“In the Valley of Coming Forth” is a, immersive Afrofuturist funk ritual play by Dr. Herukhuti whose World Premiere invites the audience to come in cosplay, dance to an afrobeats DJ at the after party, and come back the next day for an artist talkback and another DJ set; at the Weeksville Heritage Center in Crown Heights, Brooklyn. World Premiere and After Party with DJ Sabine Blaizin, Friday, November 24, 2023 from 7-11:30pm. Artist Talkback and DJ Brandon D’Lux, Saturday, November 25, 2023 from 1-4pm. Day 1 $25. Day 2 $15. Both Days $25. cccadi.org 🇺🇸 🇭🇹
The performance is co-produced with the CCCADI, Caribbean Cultural Center African Diaspora Institute who incubated the show through its Digital Evolution Artist Retention (DEAR) program in 2021.
“In the Valley of Coming Forth”
“In the Valley of Coming Forth” is an Afrofuturist play by Dr. Herukhuti. It’s set in 2169 after the global apocalypse caused by white supremacist, capitalist imperialism that has been destroying our world since the Colonial Era. It’s about a Black woman’s struggle to rescue her kidnapped non-binary child and bring down the system that tore them apart.
That sounds pretty far out, but if you live as a person of color in the United States, you understand exactly what this is about.
Dr. Herukhuti is the author of various published works including the poetry collection, Race. Resistance. Love., co-editor of the Lambda Literary Award nonfiction finalist and Bisexual Book Awards nonfiction and anthology winner, Recognize: The Voices of Bisexual Men. Dr. Herukhuti is executive producing and co-directing a forthcoming documentary film about Black bisexual+ men.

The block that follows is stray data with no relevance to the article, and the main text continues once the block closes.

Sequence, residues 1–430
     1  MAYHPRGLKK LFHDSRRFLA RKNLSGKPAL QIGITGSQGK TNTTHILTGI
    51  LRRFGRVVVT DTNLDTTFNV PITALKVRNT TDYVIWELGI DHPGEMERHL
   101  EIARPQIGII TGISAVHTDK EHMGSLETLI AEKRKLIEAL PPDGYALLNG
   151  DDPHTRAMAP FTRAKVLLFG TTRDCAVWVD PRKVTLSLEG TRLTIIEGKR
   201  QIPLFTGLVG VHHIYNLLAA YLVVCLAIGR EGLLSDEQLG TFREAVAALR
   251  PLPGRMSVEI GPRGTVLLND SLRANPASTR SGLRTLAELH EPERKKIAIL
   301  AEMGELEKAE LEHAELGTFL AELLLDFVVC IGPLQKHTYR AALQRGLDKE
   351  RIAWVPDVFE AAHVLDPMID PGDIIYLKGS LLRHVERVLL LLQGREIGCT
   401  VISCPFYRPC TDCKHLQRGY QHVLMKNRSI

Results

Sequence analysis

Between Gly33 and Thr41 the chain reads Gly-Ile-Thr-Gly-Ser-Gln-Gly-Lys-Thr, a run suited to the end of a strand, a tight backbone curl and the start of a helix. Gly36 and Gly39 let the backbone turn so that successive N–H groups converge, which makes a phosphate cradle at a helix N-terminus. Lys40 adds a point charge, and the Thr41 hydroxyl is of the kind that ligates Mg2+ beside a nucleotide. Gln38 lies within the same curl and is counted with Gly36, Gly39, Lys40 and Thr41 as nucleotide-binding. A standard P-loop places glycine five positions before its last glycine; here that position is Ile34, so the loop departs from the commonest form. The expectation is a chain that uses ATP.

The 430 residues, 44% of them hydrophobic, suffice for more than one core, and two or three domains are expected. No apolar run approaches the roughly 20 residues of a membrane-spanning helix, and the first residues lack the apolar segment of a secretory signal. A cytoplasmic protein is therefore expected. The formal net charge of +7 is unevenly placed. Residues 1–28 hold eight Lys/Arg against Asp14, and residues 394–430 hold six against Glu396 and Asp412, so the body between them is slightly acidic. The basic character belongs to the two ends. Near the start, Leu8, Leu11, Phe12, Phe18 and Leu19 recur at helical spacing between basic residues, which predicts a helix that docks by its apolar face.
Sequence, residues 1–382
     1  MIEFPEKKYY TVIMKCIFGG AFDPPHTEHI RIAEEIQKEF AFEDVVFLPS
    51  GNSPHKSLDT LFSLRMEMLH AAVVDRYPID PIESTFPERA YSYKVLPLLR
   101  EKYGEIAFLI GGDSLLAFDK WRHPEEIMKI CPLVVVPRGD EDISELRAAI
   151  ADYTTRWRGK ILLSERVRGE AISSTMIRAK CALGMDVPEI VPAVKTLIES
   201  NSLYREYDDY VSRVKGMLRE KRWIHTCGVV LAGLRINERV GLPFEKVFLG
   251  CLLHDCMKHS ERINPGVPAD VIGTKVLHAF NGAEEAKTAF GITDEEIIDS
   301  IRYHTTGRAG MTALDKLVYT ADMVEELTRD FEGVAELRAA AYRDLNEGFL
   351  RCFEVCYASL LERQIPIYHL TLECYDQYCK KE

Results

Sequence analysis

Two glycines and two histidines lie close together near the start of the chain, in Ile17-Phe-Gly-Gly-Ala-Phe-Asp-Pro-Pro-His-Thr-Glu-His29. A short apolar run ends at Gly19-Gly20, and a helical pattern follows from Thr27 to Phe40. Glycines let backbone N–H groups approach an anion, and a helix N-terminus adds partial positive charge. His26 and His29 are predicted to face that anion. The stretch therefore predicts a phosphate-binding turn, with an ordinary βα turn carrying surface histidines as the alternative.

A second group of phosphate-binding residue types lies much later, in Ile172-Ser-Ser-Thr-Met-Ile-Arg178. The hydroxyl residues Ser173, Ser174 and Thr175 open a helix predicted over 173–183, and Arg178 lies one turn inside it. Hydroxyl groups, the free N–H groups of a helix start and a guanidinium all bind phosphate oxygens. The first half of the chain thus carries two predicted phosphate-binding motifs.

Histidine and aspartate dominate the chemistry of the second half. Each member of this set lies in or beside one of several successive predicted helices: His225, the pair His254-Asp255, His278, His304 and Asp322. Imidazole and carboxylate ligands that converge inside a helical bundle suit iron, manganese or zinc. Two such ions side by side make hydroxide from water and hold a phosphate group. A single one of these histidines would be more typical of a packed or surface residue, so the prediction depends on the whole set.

Born and raised in Brooklyn, NY, H. “Herukhuti” Sharif Williams, PhD is a cultural worker committed to making revolution irresistible through theatre/performance art, filmmaking, poetics, and cultural criticism. She is a core faculty member at Goddard College, adjunct associate professor of applied theatre research at City University of New York School of Professional Studies, and visiting adjunct professor in the department of fine arts at Pratt Institute.
Weeksville, Brooklyn is the site of the largest Free-Black community before the Civil War. That’s important because colonial thinkers keep attaching us to their Atlantic Trade mess, but the first Africans in the Americas were free people, we fought the colonizers endlessly, and many of us freed ourselves.